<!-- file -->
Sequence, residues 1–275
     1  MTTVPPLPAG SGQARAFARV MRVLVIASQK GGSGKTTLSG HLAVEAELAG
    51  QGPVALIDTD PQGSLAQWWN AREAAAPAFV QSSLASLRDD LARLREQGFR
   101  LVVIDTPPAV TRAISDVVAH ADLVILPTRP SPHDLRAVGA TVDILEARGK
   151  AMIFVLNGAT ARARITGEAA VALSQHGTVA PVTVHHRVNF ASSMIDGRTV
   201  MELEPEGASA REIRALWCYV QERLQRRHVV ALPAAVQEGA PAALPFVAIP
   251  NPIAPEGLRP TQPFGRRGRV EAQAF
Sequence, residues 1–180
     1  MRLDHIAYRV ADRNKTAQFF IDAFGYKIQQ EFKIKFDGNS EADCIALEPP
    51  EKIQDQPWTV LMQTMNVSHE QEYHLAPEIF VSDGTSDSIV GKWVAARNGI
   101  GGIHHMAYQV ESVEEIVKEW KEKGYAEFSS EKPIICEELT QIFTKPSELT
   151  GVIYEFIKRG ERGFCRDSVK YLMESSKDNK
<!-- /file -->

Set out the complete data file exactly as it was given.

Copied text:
Sequence, residues 1–275
     1  MTTVPPLPAG SGQARAFARV MRVLVIASQK GGSGKTTLSG HLAVEAELAG
    51  QGPVALIDTD PQGSLAQWWN AREAAAPAFV QSSLASLRDD LARLREQGFR
   101  LVVIDTPPAV TRAISDVVAH ADLVILPTRP SPHDLRAVGA TVDILEARGK
   151  AMIFVLNGAT ARARITGEAA VALSQHGTVA PVTVHHRVNF ASSMIDGRTV
   201  MELEPEGASA REIRALWCYV QERLQRRHVV ALPAAVQEGA PAALPFVAIP
   251  NPIAPEGLRP TQPFGRRGRV EAQAF
Sequence, residues 1–180
     1  MRLDHIAYRV ADRNKTAQFF IDAFGYKIQQ EFKIKFDGNS EADCIALEPP
    51  EKIQDQPWTV LMQTMNVSHE QEYHLAPEIF VSDGTSDSIV GKWVAARNGI
   101  GGIHHMAYQV ESVEEIVKEW KEKGYAEFSS EKPIICEELT QIFTKPSELT
   151  GVIYEFIKRG ERGFCRDSVK YLMESSKDNK